Tory-Lib Dem coalition to run York: Yearsley Pool saved, £9m Guildhall media centre ditched

York Guildhall. A new chapter opens in the long history of the city. Photograph © Allan Harris on Flickr
18 May 2015 @ 9.06 pm
| News, Politics

Just ten days after the Tory-Lib Dem government was unceremoniously disbanded by the Westminster electorate, the same partnership is being tried in York.

The Conservative and Liberal Democrat groups are to join forces to run City of York Council after the local election left no one party with a majority.

Tory leader Chris Steward will become leader of the council. His Lib Dem counterpart Keith Aspden becomes deputy leader.

The new council executive will consist of four Conservatives and four Lib Dems. This move will be authorised at the annual council meeting on Thursday (May 21).

What they said

Cllr Steward said the arrangement would “give direction and focus for York’s council”.

He added:

chris-steward-halfWe will drive forward on the priorities we were elected upon of keeping council tax low, prioritising frontline services and delivering a Local Plan that protects our Green Belt.

“This will also be an administration that engages with and listens to residents and we will respect the views of other parties.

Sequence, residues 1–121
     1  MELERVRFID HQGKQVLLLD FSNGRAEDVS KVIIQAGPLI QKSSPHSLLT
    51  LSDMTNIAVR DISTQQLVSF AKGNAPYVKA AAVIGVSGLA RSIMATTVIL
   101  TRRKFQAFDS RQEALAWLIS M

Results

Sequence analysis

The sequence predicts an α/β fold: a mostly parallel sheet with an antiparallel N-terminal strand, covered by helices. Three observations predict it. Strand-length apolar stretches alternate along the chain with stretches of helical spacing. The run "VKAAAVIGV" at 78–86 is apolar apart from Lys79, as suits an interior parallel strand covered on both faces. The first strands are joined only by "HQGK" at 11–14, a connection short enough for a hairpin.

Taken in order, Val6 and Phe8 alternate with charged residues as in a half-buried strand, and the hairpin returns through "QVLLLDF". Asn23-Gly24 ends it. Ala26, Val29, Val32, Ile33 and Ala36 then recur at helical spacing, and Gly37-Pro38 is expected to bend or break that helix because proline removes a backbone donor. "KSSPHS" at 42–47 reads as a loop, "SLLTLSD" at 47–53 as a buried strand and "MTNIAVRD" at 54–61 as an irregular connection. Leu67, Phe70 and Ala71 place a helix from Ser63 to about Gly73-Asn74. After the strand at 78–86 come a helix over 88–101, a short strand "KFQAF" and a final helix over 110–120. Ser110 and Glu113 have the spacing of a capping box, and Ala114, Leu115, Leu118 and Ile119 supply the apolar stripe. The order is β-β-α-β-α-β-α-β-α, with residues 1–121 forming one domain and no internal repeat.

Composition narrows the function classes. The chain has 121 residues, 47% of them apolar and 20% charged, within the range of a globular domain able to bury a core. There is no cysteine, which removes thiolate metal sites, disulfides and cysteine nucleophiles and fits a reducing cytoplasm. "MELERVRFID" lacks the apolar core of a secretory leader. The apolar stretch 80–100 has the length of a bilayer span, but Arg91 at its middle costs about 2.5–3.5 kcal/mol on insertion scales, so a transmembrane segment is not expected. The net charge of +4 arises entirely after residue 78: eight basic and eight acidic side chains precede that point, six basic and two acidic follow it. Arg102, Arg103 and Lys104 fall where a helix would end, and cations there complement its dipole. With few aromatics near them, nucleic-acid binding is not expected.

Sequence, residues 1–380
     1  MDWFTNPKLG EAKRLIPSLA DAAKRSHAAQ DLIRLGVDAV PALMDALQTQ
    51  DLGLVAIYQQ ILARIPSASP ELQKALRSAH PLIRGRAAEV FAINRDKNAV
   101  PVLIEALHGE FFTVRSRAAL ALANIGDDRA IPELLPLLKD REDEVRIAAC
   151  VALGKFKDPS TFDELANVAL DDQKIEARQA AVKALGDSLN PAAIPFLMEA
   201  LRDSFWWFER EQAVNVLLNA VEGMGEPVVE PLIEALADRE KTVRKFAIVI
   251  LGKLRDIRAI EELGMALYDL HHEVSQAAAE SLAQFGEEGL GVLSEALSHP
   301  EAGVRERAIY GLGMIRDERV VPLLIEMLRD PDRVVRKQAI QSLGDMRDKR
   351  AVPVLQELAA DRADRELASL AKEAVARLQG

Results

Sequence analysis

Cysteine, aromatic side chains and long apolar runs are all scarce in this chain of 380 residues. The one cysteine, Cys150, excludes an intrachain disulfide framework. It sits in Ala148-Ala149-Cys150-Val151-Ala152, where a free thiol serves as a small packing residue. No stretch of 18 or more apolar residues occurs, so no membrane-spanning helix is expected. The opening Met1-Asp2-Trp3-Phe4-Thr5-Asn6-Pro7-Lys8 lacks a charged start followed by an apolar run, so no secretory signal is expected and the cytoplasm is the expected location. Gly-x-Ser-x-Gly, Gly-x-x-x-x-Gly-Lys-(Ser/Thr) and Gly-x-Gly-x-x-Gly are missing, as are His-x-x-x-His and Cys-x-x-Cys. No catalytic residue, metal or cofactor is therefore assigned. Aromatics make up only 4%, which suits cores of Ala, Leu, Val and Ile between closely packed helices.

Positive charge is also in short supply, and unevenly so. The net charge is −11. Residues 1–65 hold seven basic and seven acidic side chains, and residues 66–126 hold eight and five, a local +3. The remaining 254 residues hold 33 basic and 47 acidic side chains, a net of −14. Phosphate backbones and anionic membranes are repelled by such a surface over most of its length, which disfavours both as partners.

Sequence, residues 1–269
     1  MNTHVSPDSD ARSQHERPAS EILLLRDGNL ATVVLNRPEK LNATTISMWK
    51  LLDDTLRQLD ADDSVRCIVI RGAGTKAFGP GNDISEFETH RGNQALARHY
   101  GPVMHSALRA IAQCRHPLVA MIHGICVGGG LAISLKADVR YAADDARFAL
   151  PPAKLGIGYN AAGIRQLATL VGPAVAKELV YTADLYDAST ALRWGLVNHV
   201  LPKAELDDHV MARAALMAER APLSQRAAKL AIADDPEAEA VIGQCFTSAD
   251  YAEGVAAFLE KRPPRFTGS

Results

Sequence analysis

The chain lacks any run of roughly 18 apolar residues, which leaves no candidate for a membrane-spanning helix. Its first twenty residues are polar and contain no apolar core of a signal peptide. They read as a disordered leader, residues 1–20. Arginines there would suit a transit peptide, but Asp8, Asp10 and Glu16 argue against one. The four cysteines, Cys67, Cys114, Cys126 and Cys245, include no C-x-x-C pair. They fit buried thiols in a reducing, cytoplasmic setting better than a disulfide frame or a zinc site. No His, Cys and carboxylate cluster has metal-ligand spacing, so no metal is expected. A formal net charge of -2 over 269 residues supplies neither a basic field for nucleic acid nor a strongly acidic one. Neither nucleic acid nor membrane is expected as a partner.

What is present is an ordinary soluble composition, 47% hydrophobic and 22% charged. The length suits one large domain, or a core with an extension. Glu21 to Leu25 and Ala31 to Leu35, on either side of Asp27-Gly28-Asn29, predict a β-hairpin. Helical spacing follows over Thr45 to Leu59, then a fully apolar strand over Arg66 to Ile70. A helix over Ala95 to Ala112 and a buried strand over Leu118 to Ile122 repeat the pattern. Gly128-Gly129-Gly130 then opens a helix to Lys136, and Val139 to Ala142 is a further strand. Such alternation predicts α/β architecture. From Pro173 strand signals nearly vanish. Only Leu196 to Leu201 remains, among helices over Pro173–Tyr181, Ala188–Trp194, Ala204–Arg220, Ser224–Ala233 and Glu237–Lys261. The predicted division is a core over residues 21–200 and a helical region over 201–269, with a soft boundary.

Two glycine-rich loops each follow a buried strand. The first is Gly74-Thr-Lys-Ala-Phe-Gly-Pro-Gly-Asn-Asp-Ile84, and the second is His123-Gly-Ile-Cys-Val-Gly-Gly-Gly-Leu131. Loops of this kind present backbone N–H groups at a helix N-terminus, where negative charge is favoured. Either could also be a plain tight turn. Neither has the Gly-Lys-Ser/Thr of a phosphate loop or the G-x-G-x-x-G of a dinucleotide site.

The Labour and Green groups had been “offered a seat at the executive table” to give their input Cllr Steward said.

Lib Dem leader Cllr Aspden said the election proved “that residents wanted change from the way Labour has run York since 2011”.

The new administration would “put the priorities of residents first”. He said:

cllr-aspden-halfCrucially, we have come to an agreement to radically alter the Local Plan in order to protect the Green Belt and the character of York. This is not something Labour were prepared to consider either before or after the local elections.

Yearsley Pool will be kept open and the services offered at Castlegate will be protected. We are also ruling out further charges for green bins and cuts to the frequency of grey bin collections.

They have also pledged to put a new governance system in place to ensure “decision-making is done in public with transparency and cross-party input”. You can read the full agreement here (PDF).